100% focused on agriculture

Valerie Cilliers, editor, SA Graan/Grain
Published: 1 March 2024


Themba Rikhotso was appointed as CEO of Land Bank in April 2023 and has already made strides in ensuring that the bank is ‘fit for purpose’ and on a trajectory to become a leader in agricultural financing. SA Graan/Grain spoke to him about his vision for the bank and his plans to overcome the many challenges associated with agricultural financing.

Born and raised in a village near Giyani in Limpopo, Rikhotso’s family was subsistence farmers, planting grain and raising cattle. After school he obtained his Bachelor of Commerce in accounting and information systems from the University of KwaZulu-Natal and later a Masters of Business Leadership from Unisa.

Before joining Standard Bank to eventually become executive head of Sales and Transactional Banking, Rikhotso honed his skills by developing banking solutions for several banks in countries like Mozambique, Zimbabwe, Malawi, Tanzania, Uganda and Swaziland.

His first introduction to agricultural financing was with the Rabobank Australia & New Zealand Group which is part of the international Rabobank Group, the world’s leading specialist in food and agribusiness banking.

Challenges facing agricultural financing
Even though he admits that there are many challenges when it comes to agricultural financing, he is not disillusioned. ‘I believe that Land Bank has the potential to be a strong leader in financing this sector. No other bank is focused solely on agriculture and we have worked hard to acquire the necessary capacity and skills within the bank to develop solutions to these challenges.

‘Our biggest challenge, I believe, is to provide patient and affordable financing in a sector that is unlike any other. The seasonal characteristic and the low margins associated with farming makes it a difficult sector to finance sustainably. The sector’s non-performing loan rates are high and so are the decline rates for farmers due to constrained repayment ability. Add to this volatile commodity prices and growing climate-related risks and it is not difficult to see that we need tailor-made solutions for the sector, which I believe Land Bank has the capability and capacity to do.’

Rikhotso is convinced that agricultural financing faces many of these challenges because of a lack of support. ‘In Europe up to 50% of a farmer’s revenue comes from government subsidies, this includes insurance subsidies. South African farmers do not have that luxury.’

When it comes to ‘new era’ farmers, Rikhotso thinks that access to productive land remains the biggest challenge. ‘These farmers often do not have the equity and collateral to secure financing. New era farmers are responsible for 10% of South Africa’s agricultural output and a third of cattle farming is in their hands. Communal ownership and leasing land from government have proven to be challenging for commercial farming. These farmers often struggle to secure security of tenor on leases and remain financialy sustainable.’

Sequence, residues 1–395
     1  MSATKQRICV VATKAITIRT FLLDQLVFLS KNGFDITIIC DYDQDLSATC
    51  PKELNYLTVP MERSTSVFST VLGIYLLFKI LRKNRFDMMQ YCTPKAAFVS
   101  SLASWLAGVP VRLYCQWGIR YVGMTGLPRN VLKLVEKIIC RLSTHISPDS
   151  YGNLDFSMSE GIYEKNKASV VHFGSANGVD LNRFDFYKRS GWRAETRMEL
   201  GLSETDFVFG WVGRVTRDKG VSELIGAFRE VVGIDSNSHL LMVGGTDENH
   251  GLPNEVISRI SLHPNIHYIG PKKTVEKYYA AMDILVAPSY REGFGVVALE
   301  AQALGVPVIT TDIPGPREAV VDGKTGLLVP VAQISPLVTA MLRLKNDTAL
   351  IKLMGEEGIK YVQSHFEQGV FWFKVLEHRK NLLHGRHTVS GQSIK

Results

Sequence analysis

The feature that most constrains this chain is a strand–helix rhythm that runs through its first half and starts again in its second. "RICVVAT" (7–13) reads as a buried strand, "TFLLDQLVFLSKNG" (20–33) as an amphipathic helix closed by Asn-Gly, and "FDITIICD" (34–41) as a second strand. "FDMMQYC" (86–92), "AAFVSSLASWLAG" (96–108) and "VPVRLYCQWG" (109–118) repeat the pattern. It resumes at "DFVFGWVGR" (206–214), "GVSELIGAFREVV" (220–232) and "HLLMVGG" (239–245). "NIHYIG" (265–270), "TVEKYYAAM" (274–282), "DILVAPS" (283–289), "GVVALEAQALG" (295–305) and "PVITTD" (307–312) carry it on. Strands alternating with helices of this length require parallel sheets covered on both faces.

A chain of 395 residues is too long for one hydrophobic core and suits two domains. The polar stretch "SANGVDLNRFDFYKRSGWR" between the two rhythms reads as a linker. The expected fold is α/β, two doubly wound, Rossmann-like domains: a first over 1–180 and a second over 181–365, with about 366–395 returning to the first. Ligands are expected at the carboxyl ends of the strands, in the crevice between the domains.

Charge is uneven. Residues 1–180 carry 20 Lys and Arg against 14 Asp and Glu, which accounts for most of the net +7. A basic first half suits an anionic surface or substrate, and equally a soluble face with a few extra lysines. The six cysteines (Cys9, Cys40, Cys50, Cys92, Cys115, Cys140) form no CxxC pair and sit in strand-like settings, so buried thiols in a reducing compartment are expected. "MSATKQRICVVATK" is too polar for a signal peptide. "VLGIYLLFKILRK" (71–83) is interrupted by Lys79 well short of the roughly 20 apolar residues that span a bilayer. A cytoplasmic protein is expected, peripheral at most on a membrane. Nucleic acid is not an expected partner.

Themba Rikhotso, CEO of Land Bank

Targeted solutions
More than 80% of the Land Bank’s clientele are commercial farmers and Rikhotso says the bank is currently implementing strategies towards restructuring its operating model to better assist producers. ‘In addition to financing current and new clients, our aim is to facilitate solutions for defaulting clients who are struggling to service their loans. To this end we have set aside half a billion rand to assist in the restructuring of loans.’

When it comes to new era farmers the Land Bank has several strategies and programmes in place.
SA Graan/Grain previously reported on blended finance solutions (which includes the Agro Energy Fund) spearheaded by Land Bank. ‘We are currently working with government to address access to land issues; we are also speaking to input suppliers regarding solutions to make inputs available at lower costs. We have a team working with big off-takers to ensure that these farmers have market access. Grower programmes for specific commodities are already in place. I believe that we have the capability in South Africa to make agriculture more inclusive, but there is insufficient coordination of funds and I see the Land Bank taking up that role of coordinating initiatives and pulling funds together.

‘In the end our aim is to continue to service all segments of agriculture.’

Land Bank’s role in agriculture
Rikhotso’s vision is to see Land Bank become a leader in agricultural financing and he is certain that the bank will take on more of a coordinating role as it works towards sustainable solutions for affordable financing. ‘In five years’ time, I would like to see the Land Bank function as an orchestrator of various activities across the agriculture value chain, as we set up an eco-system of partnerships with commodity forums, farmer organisations, off-takers and input suppliers. We are developing holistic solutions and the strategies in place are solid. We have restructured our operating model and our aim is to move closer to our clients.’